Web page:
Making Magic: Aligning Design and Engineering

When engineers and designers team up, magic can happen. Everyone on the team is more engaged. User research findings and usability testing results are shared with everyone. Engineers are invited to walk-throughs of early designs and asked for feedback and input. Designers become aware of technology constraints and the structure of data that can be surfaced from the system to users. And a whole lot more—meaning good ideas and thinking are spreading throughout the team to help build an awesome product for users.

Unfortunately, in some companies, the engineering and design teams are siloed from each other. Whether the separation was planned or occurred organically, the consequences are the same. Morale, efficiency, and in the end, the product will suffer. How do you align design and engineering teams into a unified product team?

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Why UX Needs the Debate Experience

If you haven’t heard, there is now a UX Debate Club in New York. This freshly minted Meetup group has already had its first meeting and planning is underway for more. But you may be wondering do we really need a UX debate club? What is there to debate about User Experience? Is there even anything debatable about UX? And those are all fair questions that I will address. Continue reading “Why UX Needs the Debate Experience”

Mechanical pencil laying on sheet of paper with chart comparing various options.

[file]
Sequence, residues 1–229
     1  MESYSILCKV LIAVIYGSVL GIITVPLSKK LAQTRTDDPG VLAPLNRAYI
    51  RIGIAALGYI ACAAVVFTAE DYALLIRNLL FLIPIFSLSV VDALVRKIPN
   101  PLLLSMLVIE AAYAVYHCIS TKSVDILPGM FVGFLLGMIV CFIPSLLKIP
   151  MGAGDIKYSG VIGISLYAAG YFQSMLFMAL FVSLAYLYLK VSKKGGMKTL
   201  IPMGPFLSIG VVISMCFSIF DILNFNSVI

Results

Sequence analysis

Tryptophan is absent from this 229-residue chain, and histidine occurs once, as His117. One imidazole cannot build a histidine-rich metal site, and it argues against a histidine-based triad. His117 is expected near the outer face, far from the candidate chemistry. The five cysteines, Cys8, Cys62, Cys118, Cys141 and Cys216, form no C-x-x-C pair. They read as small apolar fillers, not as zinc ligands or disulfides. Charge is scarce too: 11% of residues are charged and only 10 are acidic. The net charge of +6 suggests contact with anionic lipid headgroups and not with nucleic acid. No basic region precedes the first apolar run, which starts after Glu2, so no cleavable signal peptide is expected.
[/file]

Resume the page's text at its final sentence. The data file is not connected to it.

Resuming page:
Embracing the Test: How to Make a Pilot Campaign Pay Off

If you are on the agency or ad tech side, you are familiar with the “pilot campaign.” We’ve all gotten requests to test the waters with our products and services before engaging in a full campaign or longer term commitment. Marketers often request tests as a means to compare vendors or to try out new technologies and media they view as unproven. The pilot is a necessary step, but without proper planning, it will yield results that muddy the waters on the best ways to move forward or maximize KPIs. Frequently, the proposed campaign length or spend allocation is too light to evaluate significance, or too little attention is given to defining what the key metrics of success will be.

Running a test that is not well thought out, too small, or lacking clear goals is an inefficient use of time, energy and dollars. It’s a waste for the marketer, agency and supplier. So, how do you run a test that is worth everybody’s time and resources? Perhaps the best way is to start by recognizing that pilots are an investment in a learning opportunity and not just a box to check. Additionally, creating a truly educational and beneficial pilot requires upfront investment—nothing ventured, nothing gained for anyone. Read the full post on The Makegood